* Euro posts biggest gains vs dollar in a month
* Euro govt bond yields fall further as ECB buying continues
* World shares see first rise in 5 days, commods bounce
* U.S. stocks seen opening higher
By Marc Jones
LONDON, March 12 (Reuters) - The euro pulled out of its recent dive on Thursday, chalking up its biggest rise against the dollar in a month, after a week of breakneck moves in the world's two biggest currencies.
The dollar's reversal, cemented by weak U.S. retail sales data, gave some respite to emerging markets as well as to oil and commodities heavily correlated to the U.S. currency's strength and helped MSCI's main world stocks index secure its first rise in five days.
Wall Street looked set to open higher, according to index futures.
After surging over 1.5 percent on Wednesday and 15 percent since the start of the year, European bourses had mixed fortunes. The pan-European FTSEurofirst 300 index rose 0.3 percent and London's FTSE added 1 percent but Frankfurt's DAX dipped 0.1 percent and Paris's CAC was flat.
The enormous market moves over the last week have been driven by the starkly diverging policies of the world's major central banks.
The European Central Bank began a 1 trillion euro bond buying campaign on Monday, Japan's central bank is busily printing money, but the U.S. Federal Reserve is heading towards its first rate rise in almost a decade.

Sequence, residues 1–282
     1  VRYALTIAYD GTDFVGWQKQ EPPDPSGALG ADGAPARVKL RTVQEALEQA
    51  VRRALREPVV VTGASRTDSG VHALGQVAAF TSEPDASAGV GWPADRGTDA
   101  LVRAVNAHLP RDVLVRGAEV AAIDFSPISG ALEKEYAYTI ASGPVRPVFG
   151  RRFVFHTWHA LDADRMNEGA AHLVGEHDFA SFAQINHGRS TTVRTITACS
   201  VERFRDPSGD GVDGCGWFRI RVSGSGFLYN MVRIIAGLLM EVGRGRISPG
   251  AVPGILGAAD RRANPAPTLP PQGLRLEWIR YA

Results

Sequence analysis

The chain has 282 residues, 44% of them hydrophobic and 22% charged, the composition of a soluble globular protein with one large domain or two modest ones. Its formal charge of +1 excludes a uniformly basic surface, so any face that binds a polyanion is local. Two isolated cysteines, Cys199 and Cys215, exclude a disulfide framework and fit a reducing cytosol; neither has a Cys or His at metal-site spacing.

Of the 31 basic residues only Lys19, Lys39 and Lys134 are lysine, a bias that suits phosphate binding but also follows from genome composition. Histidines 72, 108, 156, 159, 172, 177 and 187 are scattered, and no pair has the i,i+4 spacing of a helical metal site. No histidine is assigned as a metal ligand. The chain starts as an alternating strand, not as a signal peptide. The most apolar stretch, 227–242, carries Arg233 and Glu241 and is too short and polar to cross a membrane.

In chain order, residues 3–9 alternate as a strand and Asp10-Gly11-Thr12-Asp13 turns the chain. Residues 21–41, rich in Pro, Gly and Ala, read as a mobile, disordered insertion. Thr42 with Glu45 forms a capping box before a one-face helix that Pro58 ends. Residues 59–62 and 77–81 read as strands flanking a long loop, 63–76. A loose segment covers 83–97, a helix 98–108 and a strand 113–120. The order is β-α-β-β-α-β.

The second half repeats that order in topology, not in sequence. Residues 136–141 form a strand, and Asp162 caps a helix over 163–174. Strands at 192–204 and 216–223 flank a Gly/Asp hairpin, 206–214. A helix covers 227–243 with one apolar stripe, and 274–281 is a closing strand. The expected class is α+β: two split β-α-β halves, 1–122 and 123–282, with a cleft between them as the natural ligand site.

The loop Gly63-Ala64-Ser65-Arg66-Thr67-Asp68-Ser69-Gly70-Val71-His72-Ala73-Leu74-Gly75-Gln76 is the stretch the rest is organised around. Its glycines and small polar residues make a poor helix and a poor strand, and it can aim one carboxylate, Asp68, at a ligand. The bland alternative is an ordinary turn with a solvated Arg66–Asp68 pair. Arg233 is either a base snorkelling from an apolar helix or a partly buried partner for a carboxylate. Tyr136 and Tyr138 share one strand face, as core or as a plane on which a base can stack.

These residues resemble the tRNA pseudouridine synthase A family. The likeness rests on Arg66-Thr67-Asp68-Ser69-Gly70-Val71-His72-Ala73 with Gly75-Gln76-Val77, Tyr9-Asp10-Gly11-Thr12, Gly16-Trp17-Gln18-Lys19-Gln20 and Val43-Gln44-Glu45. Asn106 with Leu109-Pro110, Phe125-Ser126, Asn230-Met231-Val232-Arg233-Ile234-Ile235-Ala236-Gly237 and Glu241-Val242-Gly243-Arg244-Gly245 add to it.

The euro, which fell as far as $1.0494 in Asia, its lowest since Jan 2003, last traded at $1.0653, up 1 percent on the day.
"The market was definitely wrong-footed by the move this morning, which I suspect initially began as a profit-taking exercise for some dollar longs," said Daragh Maher, a currency strategist at HSBC in London.
"What (it) shows is that the market had become too one-way in its mindset. This has reintroduced a bit of two-way risk, and a bit of pain, I'm sure."
The dollar index, which measures the greenback against a basket of currencies, fell 0.7 percent to 99.094, having earlier topped 100 for the first time since April 2003.
Euro zone government bonds rallied for a fourth day, mainly in the 30-year sector as the ECB forged ahead with purchases under its quantitative easing programme and investors scooped up bonds at auction in Spain and Italy.
"A lot of people are playing the game of buying at the auction, and selling to the ECB later on," said Piet Lammens, a strategist at KBC.
Top ECB policymaker Benoit Coeure said the bank had bought 9.8 billion euros of bonds in the first three days of its programme, well above the run rate needed to hit its roughly 50 billion a month target for government bonds.
Asian markets were lifted by a surprise interest rate cut by South Korea that came hot on the heels of one from Thailand.
A cut in Serbia's repo rate on Thursday took the number of central banks around the world that have cut rates this year to 24.
MSCI's broadest index of Asia-Pacific shares outside Japan extended gains and was up 1.1 percent, moving away from Wednesday's seven-week lows. MSCI's 46-country benchmark world index climbed off one-month lows.
The dollar's dip also helped commodities. European benchmark Brent added 1.5 percent to $58.44 a barrel, while gold snapped an eight-day losing streak as it steadied at $1,158 an ounce. (Reporting by Marc Jones, additional reporting by John Geddie, Jemima Kelly and Nigel Stephenson; Editing by Tom Heneghan)